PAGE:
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Distal splenorenal shunt versus endoscopic sclerotherapy for long-term management of variceal bleeding. Preliminary report of a prospective, randomized trial.
Ann Surg. 1986 May; 203(5):454-62.AnnS

Abstract

This paper reports the preliminary results of a prospective randomized trial comparing endoscopic variceal sclerosis and distal splenorenal shunt (DSRS) in the management of patients with cirrhosis and variceal bleeding. Seventy-one patients have been entered; 36 have received sclerosis and 35 DSRS. Randomization of the study population was stratified on Child's A/B (56%) and Child's C (44%). Sixty-one per cent had alcoholic and 39% non-alcoholic cirrhosis. No patients have been lost to follow-up, which currently stands at a median of 26 months. Rebleeding occurred significantly (p less than 0.05) more frequently in patients in the sclerosis group (19 of 36: 53%) compared to DSRS (1 of 35: 3%), but only 11 of 36 (31%) were not controlled by further sclerosis and failed that therapy. Patients in whom sclerosis failed underwent surgery. Survival was significantly (p less than 0.01) improved in the sclerosis group (+ surgery in 31%), with an 84% 2-year survival compared to a 59% 2-year survival in the DSRS group. Portal perfusion was significantly (p less than 0.05) better maintained in the sclerosis (95%) compared to the DSRS (53%) group. Galactose elimination capacity improved significantly (p less than 0.05) in 21 patients successfully managed by sclerosis at 1 year and was significantly (p less than 0.01) better maintained in the sclerosis compared to DSRS group. The authors conclude that endoscopic sclerosis: has a higher rebleeding rate than DSRS, with one third of patients failing therapy from rebleeding; allows significant improvement in liver function when successful; and gives significantly improved survival in the management of variceal bleeding when backed up by surgical therapy for patients with uncontrolled rebleeding.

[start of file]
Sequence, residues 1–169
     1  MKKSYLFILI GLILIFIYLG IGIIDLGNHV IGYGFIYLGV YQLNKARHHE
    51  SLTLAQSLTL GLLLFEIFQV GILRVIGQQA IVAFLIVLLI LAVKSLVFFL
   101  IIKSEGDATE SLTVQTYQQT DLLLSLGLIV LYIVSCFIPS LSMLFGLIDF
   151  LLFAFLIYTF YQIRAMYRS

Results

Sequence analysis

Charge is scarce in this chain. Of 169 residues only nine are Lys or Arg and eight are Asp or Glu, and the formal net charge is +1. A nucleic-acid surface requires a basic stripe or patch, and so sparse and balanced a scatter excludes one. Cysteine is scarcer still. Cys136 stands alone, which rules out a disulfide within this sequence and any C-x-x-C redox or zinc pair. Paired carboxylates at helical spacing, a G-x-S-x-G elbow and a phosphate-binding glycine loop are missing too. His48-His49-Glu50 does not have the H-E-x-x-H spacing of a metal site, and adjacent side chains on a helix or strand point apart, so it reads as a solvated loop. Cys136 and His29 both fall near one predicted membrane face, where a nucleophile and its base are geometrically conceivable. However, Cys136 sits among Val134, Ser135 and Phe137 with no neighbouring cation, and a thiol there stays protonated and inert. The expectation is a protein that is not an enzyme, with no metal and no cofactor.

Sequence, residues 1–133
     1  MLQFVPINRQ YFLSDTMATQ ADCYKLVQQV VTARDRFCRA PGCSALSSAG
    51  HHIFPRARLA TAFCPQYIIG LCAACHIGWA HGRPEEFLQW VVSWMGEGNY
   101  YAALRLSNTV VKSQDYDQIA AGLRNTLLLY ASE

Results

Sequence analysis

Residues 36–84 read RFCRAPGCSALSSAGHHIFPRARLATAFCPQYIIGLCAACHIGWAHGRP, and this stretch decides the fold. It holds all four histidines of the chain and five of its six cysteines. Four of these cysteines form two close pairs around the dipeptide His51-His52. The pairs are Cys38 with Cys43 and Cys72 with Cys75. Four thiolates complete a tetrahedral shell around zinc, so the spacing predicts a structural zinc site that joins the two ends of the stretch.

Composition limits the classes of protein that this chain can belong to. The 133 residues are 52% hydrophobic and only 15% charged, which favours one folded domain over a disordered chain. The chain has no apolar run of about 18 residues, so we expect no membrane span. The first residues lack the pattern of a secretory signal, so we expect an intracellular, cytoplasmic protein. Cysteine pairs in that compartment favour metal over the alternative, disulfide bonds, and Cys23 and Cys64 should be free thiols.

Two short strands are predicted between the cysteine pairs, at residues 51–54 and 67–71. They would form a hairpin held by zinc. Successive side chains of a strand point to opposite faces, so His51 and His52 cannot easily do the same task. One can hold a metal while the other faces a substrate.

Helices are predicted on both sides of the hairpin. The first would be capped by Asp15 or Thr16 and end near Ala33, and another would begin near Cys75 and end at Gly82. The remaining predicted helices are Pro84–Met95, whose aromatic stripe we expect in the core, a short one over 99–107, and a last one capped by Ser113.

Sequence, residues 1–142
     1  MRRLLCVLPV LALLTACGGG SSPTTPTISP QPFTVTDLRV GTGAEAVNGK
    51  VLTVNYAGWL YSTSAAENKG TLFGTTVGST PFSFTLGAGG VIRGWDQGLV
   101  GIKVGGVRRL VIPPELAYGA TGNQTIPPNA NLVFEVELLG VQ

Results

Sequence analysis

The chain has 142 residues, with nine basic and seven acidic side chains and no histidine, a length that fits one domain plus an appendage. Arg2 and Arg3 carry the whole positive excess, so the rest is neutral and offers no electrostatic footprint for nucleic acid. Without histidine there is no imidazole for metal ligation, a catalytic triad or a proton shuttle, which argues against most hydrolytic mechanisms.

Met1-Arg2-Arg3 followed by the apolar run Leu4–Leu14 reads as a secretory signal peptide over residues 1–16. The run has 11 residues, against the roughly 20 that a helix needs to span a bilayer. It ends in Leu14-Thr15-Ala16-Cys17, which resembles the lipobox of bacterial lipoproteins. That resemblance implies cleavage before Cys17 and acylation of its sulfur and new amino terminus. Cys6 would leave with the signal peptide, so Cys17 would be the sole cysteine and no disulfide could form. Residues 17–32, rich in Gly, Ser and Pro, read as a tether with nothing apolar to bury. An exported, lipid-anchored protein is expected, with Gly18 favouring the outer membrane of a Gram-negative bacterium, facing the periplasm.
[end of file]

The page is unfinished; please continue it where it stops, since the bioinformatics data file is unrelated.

Authors

No affiliation info availableNo affiliation info availableNo affiliation info availableNo affiliation info availableNo affiliation info availableNo affiliation info availableNo affiliation info availableNo affiliation info available

Pub Type(s)

Clinical Trial
Comparative Study
Journal Article
Randomized Controlled Trial
Research Support, U.S. Gov't, P.H.S.

Language

eng

PubMed ID

3486641

Citation

Warren, W D., et al. "Distal Splenorenal Shunt Versus Endoscopic Sclerotherapy for Long-term Management of Variceal Bleeding. Preliminary Report of a Prospective, Randomized Trial." Annals of Surgery, vol. 203, no. 5, 1986, pp. 454-62.
Warren WD, Henderson JM, Millikan WJ, et al. Distal splenorenal shunt versus endoscopic sclerotherapy for long-term management of variceal bleeding. Preliminary report of a prospective, randomized trial. Ann Surg. 1986;203(5):454-62.